We met at Providence College during our freshman year, married, and moved to New York City before moving to Allendale, New Jersey to raise our three daughters. We enjoy supporting our favorite teams (the Mets, Jets and Providence College Friars) and attending games.
In our free time, we have begun to plan more travel excursions in the U.S. and abroad and have recently enjoyed visiting Ireland, Budapest and Prague. We look forward to spending our time with good friends and family as we continue to plan for an exciting future.
We both grew up on Long Island and each have early recollections of why we are passionate about helping our clients. These two stories help illustrate early moments from our childhood that resulted in our desire to help others plan for their future.
I had a newspaper delivery route when I was 10 years old delivering the “Long Island Press” and on Fridays I would collect the week’s newspaper cost. One day, the newspaper announced that they would be increasing the cost of the weekly delivery from 90 cents to 1 dollar. Several of my older customers would give me a dollar to include a 10-cent tip. However, I can still recall arriving at the first stop of this Friday – the home of a friendly elderly woman. I can still remember her pained expression as I approached the door.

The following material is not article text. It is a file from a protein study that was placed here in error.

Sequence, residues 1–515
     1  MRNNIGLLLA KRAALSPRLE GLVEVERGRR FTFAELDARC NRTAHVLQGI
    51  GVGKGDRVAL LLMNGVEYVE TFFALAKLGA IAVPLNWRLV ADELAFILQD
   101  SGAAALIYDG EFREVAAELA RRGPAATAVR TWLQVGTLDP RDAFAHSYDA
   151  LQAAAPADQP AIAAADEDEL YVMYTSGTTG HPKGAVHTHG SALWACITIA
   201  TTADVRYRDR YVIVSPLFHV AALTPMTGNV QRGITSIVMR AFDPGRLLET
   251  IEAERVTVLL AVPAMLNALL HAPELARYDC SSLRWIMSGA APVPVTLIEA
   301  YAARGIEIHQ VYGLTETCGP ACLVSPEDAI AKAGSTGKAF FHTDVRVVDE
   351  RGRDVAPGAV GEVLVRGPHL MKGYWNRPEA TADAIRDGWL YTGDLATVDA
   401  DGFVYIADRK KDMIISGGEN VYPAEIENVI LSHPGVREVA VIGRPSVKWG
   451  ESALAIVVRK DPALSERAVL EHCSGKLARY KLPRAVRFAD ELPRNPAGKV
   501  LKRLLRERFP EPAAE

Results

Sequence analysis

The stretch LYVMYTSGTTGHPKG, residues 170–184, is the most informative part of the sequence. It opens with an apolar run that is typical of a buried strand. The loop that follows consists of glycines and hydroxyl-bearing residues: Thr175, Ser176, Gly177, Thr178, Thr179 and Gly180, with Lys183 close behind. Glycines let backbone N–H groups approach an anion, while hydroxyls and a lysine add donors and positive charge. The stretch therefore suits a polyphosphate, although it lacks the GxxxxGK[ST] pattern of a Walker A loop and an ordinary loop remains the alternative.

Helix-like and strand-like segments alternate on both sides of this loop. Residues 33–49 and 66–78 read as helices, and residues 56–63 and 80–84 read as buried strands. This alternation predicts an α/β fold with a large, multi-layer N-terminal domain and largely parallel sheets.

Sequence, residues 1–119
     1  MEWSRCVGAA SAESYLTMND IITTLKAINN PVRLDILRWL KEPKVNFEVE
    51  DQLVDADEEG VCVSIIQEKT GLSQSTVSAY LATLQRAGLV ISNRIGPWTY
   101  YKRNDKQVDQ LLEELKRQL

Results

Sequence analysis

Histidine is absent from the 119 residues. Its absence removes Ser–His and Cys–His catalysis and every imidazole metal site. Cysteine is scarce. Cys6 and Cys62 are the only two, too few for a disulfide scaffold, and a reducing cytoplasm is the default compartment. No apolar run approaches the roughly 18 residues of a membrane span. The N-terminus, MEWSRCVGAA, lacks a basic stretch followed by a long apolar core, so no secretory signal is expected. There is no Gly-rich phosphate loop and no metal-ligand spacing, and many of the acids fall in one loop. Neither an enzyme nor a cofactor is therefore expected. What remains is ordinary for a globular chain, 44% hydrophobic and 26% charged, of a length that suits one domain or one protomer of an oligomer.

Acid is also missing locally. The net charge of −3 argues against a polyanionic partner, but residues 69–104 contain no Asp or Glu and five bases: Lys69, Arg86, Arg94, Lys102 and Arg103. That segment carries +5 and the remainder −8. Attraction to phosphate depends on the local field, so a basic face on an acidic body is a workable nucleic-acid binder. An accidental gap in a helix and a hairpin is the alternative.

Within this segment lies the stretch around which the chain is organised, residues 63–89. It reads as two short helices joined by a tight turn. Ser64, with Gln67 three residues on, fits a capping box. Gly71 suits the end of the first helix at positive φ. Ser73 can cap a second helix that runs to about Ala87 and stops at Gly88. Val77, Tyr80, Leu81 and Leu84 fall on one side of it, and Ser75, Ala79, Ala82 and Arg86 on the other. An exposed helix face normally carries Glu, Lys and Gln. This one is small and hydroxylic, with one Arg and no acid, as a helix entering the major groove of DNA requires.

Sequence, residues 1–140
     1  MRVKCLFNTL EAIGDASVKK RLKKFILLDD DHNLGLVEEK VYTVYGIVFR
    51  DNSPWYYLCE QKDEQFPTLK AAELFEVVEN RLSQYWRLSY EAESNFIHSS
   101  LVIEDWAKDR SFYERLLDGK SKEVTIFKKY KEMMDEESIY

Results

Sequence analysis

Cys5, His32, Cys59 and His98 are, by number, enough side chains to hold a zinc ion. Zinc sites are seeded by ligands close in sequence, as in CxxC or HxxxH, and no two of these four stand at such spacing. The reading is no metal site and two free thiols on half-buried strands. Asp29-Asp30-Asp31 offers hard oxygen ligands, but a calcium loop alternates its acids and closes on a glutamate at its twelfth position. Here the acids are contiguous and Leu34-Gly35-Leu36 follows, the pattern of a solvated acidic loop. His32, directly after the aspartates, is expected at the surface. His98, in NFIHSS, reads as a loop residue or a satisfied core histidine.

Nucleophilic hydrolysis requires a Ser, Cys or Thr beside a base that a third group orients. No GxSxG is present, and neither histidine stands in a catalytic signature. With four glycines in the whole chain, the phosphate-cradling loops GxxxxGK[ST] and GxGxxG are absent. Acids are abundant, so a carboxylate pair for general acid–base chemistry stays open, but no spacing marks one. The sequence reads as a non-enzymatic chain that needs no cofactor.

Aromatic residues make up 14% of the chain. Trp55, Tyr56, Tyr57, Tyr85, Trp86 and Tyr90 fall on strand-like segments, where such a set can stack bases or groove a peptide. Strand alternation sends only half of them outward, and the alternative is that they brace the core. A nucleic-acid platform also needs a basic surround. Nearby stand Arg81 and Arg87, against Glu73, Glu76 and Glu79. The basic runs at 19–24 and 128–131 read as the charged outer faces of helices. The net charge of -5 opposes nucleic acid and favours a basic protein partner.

She stated that she knew that the newspaper had increased the price to 1 dollar for the week, but unfortunately wasn’t able to give me anything more than the $1. So no tip. She informed me that she was being crushed by the ever-increasing cost of everything that she needed to purchase every day. She could not keep up with the inflation. This episode occurred a few times that Friday afternoon.
On behalf of your 85-year old self and all remaining paperboys everywhere, plan ahead for the need for lifestyle-sustaining income to allow you to sustain your current lifestyle.
My Nana was a beautiful, funny and compassionate woman who lived with my family and had a positive impact on all. She was blessed with a home, no major expenses, and many loved ones surrounding her until the day she died. I think back to her life occasionally when speaking to people about retirement. My Nana received a social security check and each month my father would cash her check and give her the money in an envelope. The envelope would be taken to her room and disappear into one of her many dresser drawers.
Several years later, my father asked her if he could go through her dresser and collect the money. She agreed, and to everyone’s surprise, the sum was quite staggering! Then she set aside the money to pay for college for her five grandchildren and even helped me attend a private college. I sometimes wonder what that large sum of money could have amounted to if it had been invested wisely for all those years.
She did not need to be concerned about her living expenses or keeping up with rising costs. If she did, then she may not have been able to sustain her lifestyle and may have run out of income. Today when planning for your own retirement, keeping cash in your bedroom drawers is not recommended.